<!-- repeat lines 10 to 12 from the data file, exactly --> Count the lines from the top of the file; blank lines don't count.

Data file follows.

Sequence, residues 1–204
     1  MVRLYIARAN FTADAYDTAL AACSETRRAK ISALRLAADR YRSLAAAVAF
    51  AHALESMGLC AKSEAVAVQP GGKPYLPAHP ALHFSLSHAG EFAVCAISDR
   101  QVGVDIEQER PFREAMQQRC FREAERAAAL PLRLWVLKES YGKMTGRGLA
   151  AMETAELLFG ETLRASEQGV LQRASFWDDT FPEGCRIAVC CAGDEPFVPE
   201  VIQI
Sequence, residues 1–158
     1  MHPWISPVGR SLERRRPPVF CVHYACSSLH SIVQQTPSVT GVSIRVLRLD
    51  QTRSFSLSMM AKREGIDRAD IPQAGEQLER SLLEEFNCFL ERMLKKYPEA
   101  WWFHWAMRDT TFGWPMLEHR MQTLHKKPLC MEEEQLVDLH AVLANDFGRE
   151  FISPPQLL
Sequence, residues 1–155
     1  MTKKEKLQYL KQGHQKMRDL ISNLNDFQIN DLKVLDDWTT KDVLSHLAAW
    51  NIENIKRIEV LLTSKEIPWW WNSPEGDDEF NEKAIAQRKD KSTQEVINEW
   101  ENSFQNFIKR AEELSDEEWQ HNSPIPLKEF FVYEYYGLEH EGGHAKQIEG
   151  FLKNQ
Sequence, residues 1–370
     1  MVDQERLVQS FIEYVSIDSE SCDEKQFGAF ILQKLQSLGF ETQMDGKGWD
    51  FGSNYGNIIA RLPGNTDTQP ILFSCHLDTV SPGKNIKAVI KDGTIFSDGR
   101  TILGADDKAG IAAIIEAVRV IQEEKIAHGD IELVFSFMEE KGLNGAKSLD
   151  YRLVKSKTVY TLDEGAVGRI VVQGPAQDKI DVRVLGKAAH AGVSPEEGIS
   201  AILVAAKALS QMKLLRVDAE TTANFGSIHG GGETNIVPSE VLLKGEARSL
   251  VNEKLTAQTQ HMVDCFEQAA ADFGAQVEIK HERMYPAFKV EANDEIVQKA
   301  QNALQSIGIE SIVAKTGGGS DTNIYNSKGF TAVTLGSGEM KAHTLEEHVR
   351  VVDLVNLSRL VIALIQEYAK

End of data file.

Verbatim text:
   101  WWFHWAMRDT TFGWPMLEHR MQTLHKKPLC MEEEQLVDLH AVLANDFGRE
   151  FISPPQLL
Sequence, residues 1–155